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After Substantial Litigation and Full Arbitration, Second District Reverses Order Compelling Arbitration Finding That Defendants Waived Right to Arbitrate

In Uncategorized on November 15, 2010 at 9:23 am
Day 222 (Or is this Day 1 now?) - Oops!
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The Second District Court of Appeal reversed an order compelling arbitration after the conclusion of an arbitration and judicial confirmation of the arbitration award because defendants waived their right to arbitrate.  Knight v. Toe Brights, Inc., et al., No. B220648, 2010 WL 4542324 (Cal. App. 2d Dist. Nov. 12, 2010).

Background

Plaintiff Knight filed an action against her former employer, Toe Brights, Inc. (TBI), and two of its officers/directors/stockholders, alleging that they failed to pay her more than $9,000 in salary and reimbursement for expenses that was due at the time of her termination, and also failed to repay a loan from her to TBI in the amount of $41,783. Id. TBI filed its answer to Knight’s complaint, and alleged as an affirmative defense that “Plaintiff’s action is barred by any arbitration agreement requiring that this action be arbitrated.”  Id.

Defendants moved to compel arbitration about eight months after plaintiff Knight filed her suit.  Id. *1.  By that time, defendants had propounded multiple sets of discovery to which Knight had responded, and numerous discovery motions were pending.  Id. Defendants had claimed “priority” in discovery, and then refused to respond to Knight’s discovery.  Id. The court ordered the matter to arbitration less than three months before the date set for trial. Id.

The case proceeded through arbitration, and the arbitrator awarded Knight $40,000 for the repayment of her loan plus “interest at the statutory rate from the date she filed her lawsuit”.  Id. *4. Knight did not prevail on her other claims for unauthorized use of her jewelry designs, name and likeness, and the arbitrator awarded defendants $60,000 in attorney fees and $1,160 in filing fees as the prevailing parties on some of Knight’s claims. Id. The arbitrator denied Knight’s motion for attorney fees  and costs. Id.

Knight filed a petition to vacate the arbitration award. Id.

Ruling

The court found that although defendants’ answers raised arbitration as an affirmative defense, defendants “waived the right to arbitrate by vigorously litigating this action in the trial court in a manner inconsistent with their right to arbitrate.” Id. *1. The court found prejudice by defendants’ delay in seeking arbitration.  Id. The court concluded that “It is unfortunate that the parties incurred the time and expense of an arbitration hearing. But the trial court erred in granting the motion to compel arbitration, and Knight is entitled to raise that error on appeal from the judgment confirming the arbitration award.” Id.

The court reasoned that “waiver may be found under circumstances where the case has not been litigated to judgment” where the party opposing arbitration can show prejudice.  Id. *5. “Prejudice typically is found only where the petitioning party’s conduct has substantially undermined this important public policy or substantially impaired the other side’s ability to take advantage of the benefits and efficiencies of arbitration.” Id. *7 (internal citation omitted).

Defendants misled Knight by indicating that they intended to try this case in court. During the seven and a half months between the time Knight filed her complaint and defendants disclosed their intent to arbitrate, the parties vigorously litigated this case. Knight was responding to discovery and preparing her case for trial. With less than three months to go before trial, defendants apparently decided they would fare better in arbitration. After they had participated in a court-ordered mediation, filed a cross-complaint which Knight answered, and received responses from Knight to two sets of special interrogatories, two sets of requests for production of documents, one set of form interrogatories, and one set of requests for admissions, defendants forced the case to arbitration over Knight’s objection.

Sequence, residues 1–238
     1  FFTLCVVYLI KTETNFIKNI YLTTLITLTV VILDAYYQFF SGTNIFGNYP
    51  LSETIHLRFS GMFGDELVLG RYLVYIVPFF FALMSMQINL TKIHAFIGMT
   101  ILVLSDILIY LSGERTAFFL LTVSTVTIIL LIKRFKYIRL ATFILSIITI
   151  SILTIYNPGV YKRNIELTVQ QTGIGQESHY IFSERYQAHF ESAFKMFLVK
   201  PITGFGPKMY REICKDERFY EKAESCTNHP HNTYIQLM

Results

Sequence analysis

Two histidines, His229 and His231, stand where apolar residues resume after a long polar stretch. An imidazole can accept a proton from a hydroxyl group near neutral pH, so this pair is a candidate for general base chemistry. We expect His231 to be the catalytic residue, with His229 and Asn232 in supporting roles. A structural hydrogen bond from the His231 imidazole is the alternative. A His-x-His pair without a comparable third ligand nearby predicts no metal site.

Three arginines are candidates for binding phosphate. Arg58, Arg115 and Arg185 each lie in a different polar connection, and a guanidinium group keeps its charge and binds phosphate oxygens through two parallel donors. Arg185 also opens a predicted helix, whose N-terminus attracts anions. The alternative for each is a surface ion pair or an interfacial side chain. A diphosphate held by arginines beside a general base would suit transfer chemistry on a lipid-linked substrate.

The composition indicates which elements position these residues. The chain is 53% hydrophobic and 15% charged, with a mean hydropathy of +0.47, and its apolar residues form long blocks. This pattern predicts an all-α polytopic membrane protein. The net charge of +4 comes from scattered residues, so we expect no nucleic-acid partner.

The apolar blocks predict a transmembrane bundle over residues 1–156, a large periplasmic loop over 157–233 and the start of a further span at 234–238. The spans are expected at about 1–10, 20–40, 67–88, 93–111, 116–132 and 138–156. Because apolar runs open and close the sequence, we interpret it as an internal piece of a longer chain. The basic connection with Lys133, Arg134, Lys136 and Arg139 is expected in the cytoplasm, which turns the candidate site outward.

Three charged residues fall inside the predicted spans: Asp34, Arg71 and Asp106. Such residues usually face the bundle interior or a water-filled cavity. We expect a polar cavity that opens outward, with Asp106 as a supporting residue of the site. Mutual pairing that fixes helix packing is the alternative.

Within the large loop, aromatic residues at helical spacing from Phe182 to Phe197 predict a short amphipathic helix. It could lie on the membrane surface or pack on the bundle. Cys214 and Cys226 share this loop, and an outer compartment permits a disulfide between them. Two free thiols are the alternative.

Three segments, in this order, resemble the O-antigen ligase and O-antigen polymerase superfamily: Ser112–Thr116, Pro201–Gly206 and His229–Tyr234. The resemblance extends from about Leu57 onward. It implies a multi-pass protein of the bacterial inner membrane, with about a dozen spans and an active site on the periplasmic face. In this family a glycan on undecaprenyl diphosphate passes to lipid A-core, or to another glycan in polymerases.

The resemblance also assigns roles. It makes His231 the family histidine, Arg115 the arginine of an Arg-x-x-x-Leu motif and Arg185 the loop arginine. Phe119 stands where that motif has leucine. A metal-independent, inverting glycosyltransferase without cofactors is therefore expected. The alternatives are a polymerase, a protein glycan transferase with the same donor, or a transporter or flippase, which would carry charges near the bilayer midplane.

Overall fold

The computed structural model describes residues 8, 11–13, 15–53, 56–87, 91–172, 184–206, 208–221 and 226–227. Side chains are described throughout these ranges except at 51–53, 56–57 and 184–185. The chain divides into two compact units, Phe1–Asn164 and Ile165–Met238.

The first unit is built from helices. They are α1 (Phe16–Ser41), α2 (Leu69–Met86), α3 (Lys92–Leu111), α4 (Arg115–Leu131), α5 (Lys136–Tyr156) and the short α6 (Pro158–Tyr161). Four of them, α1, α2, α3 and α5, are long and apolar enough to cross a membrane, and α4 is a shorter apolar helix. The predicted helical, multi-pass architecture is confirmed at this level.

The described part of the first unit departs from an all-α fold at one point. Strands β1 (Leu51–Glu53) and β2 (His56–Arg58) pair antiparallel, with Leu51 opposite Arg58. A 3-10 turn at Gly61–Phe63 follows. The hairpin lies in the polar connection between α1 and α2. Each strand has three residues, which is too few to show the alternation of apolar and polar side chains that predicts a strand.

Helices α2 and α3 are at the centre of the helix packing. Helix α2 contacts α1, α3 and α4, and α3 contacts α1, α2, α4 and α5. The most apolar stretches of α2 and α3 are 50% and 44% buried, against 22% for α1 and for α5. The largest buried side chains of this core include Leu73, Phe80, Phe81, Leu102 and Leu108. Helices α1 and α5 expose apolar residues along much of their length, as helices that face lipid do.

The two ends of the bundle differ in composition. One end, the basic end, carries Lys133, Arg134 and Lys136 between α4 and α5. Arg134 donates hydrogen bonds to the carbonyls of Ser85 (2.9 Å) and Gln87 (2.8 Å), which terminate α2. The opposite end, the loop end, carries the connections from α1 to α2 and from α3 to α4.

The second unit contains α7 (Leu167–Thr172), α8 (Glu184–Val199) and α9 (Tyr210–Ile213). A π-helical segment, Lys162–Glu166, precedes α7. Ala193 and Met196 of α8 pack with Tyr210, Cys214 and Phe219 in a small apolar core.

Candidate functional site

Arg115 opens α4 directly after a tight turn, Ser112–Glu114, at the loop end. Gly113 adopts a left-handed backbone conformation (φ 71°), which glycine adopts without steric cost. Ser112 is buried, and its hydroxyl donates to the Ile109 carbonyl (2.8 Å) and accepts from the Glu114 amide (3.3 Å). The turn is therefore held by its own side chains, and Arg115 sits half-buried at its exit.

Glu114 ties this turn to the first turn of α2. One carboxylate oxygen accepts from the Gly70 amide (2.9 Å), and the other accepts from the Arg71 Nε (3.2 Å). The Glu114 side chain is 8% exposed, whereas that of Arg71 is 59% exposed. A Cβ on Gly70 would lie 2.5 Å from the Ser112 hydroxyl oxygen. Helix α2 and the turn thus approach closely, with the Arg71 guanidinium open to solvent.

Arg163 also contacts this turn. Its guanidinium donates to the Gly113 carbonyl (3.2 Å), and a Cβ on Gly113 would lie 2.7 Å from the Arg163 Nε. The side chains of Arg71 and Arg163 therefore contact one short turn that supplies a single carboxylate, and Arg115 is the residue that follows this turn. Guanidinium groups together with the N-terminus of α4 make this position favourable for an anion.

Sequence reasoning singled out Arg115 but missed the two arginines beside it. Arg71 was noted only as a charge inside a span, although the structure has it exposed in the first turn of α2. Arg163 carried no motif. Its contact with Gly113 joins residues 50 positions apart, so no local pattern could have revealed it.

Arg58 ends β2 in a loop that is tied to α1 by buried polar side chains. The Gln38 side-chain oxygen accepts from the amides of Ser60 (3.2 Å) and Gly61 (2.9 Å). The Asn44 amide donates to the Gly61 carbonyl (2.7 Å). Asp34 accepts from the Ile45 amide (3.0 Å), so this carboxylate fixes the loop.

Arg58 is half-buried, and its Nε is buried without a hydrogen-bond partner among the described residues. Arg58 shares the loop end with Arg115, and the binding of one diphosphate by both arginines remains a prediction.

Knight did not reap the benefits of arbitration. She responded to discovery which defendants would not have been permitted to propound in arbitration, and she received no responses from defendants to her discovery. She endured more than six months of discovery battles rather than a more limited and controlled exchange of information, “consistent with the expedited nature of arbitration.” (AAA Commercial Arbitration Rules, rule R-21.) Defendants took advantage of the many ways a party can gain information about an opponent’s case in trial court litigation through discovery and court-ordered mediation. And defendants ensured that Knight would not experience the efficiencies of arbitration.

Id.

The court concluded that the “trial court’s order compelling arbitration is not supported by substantial evidence of nonwaiver.” Id. *8.  Defendants “have incurred the expense of an arbitration hearing, and now possibly will incur the additional expense of a trial, as a result of their gamesmanship.”

Judges and Attorneys

Justice Victoria Gerrard Chaney wrote the opinion for the court.  Presiding Justice Robert M. Mallano concurred.  Justice Frances Rothschild dissented.

Appeal from a judgment of the Superior Court of Los Angeles County. Phrasel L. Shelton (Retired Judge of the San Mateo Sup.Ct. assigned by the Chief Justice pursuant to art. VI, s 6 of the Cal. Const.), Joseph R. Kalin (Retired Judge of the Los Angeles Sup.Ct. assigned by the Chief Justice pursuant to art. VI, s 6 of the Cal. Const.), and Teresa Sanchez-Gordon, Judges.

Hillel Chodos for Plaintiff and Appellant.

Charlston, Revich & Wollitz and Tim Harris for Defendants and Respondents.

By CHARLES JUNG

 

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